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          To add to the speculation: an attacker gained access to a Steam database containing “hashed and salted passwords” in November 2011 - perhaps they changed their password storage (and login) mechanism in response to that incident.

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            Steam’s login method is a precursor to what is being standardized by the IETF under the name OPAQUE https://tools.ietf.org/html/draft-irtf-cfrg-opaque-01: a browser-side authentication technique that makes it possible for the password to never leave the browser, not even during the registration phase.

            The OPAQUE Asymmetric PAKE Protocol


            This document describes the OPAQUE protocol, a secure asymmetric password-authenticated key exchange (aPAKE) that supports mutual authentication in a client-server setting without reliance on PKI and with security against pre-computation attacks upon server compromise. In addition, the protocol provides forward secrecy and the ability to hide the password from the server, even during password registration. This document specifies the core OPAQUE protocol, along with several instantiations in different authenticated key exchange protocols.

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              SRP is a precursor to OPAQUE. Simply encrypting the password with RSA is… ehhhh not really.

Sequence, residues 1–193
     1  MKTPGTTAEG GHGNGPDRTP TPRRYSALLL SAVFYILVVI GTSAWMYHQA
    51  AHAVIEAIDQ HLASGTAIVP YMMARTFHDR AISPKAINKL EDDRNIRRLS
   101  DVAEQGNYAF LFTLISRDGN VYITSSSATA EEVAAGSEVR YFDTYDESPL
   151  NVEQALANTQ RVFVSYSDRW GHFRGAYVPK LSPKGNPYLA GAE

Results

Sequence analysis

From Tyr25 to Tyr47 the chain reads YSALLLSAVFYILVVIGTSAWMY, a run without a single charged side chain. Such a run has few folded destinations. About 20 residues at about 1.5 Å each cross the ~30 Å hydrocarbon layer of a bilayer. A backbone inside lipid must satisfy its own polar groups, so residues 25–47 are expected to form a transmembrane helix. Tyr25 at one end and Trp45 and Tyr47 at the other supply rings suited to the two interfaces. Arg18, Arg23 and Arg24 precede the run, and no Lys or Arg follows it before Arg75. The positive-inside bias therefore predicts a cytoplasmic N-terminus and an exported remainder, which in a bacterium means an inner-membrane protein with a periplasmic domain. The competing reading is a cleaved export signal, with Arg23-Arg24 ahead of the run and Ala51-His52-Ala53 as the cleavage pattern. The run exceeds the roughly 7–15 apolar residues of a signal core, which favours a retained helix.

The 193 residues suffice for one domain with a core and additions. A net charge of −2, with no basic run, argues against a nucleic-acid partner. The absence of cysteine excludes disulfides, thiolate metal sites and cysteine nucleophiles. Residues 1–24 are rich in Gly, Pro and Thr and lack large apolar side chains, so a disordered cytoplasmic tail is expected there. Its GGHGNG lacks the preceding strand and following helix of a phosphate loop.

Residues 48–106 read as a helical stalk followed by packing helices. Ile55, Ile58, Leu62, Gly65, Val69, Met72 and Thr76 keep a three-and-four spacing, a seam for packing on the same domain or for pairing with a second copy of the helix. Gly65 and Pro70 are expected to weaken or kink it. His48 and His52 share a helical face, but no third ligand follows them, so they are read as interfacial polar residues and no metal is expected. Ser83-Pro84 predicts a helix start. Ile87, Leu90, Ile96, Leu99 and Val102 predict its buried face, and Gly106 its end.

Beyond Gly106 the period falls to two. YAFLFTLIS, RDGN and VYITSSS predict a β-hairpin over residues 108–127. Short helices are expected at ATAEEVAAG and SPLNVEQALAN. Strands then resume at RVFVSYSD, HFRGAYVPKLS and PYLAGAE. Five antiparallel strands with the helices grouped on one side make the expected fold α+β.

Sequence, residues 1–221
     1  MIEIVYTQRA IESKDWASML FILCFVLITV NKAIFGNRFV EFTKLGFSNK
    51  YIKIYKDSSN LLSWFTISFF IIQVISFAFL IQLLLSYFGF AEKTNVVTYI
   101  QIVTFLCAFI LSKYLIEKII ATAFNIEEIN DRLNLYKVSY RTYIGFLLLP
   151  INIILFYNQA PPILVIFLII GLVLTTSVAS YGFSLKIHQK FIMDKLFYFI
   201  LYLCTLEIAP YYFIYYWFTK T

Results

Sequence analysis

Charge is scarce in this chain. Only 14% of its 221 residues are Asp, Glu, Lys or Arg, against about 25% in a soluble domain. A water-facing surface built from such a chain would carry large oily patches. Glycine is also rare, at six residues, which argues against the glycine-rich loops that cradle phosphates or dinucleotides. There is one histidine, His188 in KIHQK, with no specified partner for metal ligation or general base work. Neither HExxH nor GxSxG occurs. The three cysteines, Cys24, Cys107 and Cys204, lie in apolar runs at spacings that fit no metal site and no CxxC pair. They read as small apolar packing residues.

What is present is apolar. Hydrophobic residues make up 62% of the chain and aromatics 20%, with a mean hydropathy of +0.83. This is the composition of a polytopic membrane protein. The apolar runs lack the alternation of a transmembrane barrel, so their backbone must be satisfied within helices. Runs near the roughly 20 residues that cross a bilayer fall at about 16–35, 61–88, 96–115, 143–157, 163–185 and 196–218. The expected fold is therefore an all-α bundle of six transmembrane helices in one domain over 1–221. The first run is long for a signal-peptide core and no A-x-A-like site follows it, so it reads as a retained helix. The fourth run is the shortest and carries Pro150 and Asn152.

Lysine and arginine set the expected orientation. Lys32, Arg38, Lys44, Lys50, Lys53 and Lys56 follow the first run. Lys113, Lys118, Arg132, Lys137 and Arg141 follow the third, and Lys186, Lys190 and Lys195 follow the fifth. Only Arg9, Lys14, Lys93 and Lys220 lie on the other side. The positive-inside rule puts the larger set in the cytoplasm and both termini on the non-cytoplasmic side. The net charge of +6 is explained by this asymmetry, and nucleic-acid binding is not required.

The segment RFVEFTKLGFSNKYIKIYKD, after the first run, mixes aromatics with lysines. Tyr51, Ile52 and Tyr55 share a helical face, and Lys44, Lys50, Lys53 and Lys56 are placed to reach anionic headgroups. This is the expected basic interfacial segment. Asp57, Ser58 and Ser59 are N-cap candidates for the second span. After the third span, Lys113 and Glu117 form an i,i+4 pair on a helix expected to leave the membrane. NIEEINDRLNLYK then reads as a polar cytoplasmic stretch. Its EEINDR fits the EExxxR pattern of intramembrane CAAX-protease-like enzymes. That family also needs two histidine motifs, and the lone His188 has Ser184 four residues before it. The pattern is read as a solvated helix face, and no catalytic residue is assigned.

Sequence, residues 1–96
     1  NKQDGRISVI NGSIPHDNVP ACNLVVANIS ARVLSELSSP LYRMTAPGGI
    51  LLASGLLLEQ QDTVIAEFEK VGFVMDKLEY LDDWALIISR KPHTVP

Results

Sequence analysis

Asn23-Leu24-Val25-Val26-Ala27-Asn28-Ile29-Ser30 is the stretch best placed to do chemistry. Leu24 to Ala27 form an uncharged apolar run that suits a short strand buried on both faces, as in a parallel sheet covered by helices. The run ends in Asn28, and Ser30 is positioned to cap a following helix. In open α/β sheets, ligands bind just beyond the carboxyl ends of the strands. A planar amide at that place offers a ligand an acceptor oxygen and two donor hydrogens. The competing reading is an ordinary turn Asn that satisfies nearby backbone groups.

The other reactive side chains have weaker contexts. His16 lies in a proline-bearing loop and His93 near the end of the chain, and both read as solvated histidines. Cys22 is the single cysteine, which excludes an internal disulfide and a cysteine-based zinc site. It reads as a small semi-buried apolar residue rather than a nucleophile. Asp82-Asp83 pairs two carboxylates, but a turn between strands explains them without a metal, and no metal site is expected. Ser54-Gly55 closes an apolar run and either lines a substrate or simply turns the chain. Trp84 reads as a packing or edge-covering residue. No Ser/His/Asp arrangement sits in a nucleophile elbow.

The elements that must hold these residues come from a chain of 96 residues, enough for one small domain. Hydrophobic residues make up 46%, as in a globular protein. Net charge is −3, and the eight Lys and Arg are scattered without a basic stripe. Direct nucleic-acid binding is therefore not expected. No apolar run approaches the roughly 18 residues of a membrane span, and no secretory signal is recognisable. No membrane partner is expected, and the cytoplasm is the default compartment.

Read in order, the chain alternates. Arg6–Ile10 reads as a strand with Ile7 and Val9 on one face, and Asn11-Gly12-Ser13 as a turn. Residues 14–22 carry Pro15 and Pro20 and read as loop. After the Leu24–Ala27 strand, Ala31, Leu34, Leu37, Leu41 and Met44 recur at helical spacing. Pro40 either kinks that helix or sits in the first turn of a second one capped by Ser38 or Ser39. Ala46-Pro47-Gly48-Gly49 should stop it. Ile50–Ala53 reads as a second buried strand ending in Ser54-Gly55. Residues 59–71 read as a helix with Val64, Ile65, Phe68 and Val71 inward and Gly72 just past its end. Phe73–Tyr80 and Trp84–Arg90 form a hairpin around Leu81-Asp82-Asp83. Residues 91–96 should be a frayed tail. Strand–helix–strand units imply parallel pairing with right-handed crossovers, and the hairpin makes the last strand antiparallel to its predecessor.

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              Back around that time there were a lot of e-commerce shops running software called Actinic (which has at some point in the time since I last used it been bought and suffered from synergy.) This software ran as a windows application in to which you could add all your stock details, images, etc and select from a handful of e-commerce templates, and/or modify/create your own.

              From that local database it could generate a static website with a handful of cgi scripts and upload it to your host of choice (while they would prefer you use their service.) None of the Actinic e-commerce websites I saw used https but all handed purchasing and most handled payment collection within the website itself. How was that done securely you ask?

              As far as I could tell at the time, the card details form had some js that would encrypt the input and post it to the cgi script which would then store in a txt file. The Actinic desktop software had a sync button that once pressed would download any pending orders from the website, to which you would enter the card details into your card machine manually, print off the receipt, pack and ship the lot off to the customer.

              The one I worked on got quite popular, so much so that we “invested” in a third party card processor which acted a lot like paypal in that the shopping cart would redirect the user to the third party payment processor, they would using https collect the payment details and charge the card before redirecting back to the cgi script with the status.

              TL;DR For the majority of the time I worked there their e-commerce website worked without https.